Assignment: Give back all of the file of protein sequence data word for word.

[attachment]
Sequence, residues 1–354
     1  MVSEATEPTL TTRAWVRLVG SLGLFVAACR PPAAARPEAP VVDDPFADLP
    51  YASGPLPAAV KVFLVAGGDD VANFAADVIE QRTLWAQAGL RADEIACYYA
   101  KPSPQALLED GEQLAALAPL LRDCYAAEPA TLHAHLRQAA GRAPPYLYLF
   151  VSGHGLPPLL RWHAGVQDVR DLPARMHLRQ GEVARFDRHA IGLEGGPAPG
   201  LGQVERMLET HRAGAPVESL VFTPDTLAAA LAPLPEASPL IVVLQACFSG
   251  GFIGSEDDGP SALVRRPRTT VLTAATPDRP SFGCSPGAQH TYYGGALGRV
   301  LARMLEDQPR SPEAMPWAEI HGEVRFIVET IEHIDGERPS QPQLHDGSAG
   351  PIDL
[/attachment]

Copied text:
Sequence, residues 1–354
     1  MVSEATEPTL TTRAWVRLVG SLGLFVAACR PPAAARPEAP VVDDPFADLP
    51  YASGPLPAAV KVFLVAGGDD VANFAADVIE QRTLWAQAGL RADEIACYYA
   101  KPSPQALLED GEQLAALAPL LRDCYAAEPA TLHAHLRQAA GRAPPYLYLF
   151  VSGHGLPPLL RWHAGVQDVR DLPARMHLRQ GEVARFDRHA IGLEGGPAPG
   201  LGQVERMLET HRAGAPVESL VFTPDTLAAA LAPLPEASPL IVVLQACFSG
   251  GFIGSEDDGP SALVRRPRTT VLTAATPDRP SFGCSPGAQH TYYGGALGRV
   301  LARMLEDQPR SPEAMPWAEI HGEVRFIVET IEHIDGERPS QPQLHDGSAG
   351  PIDL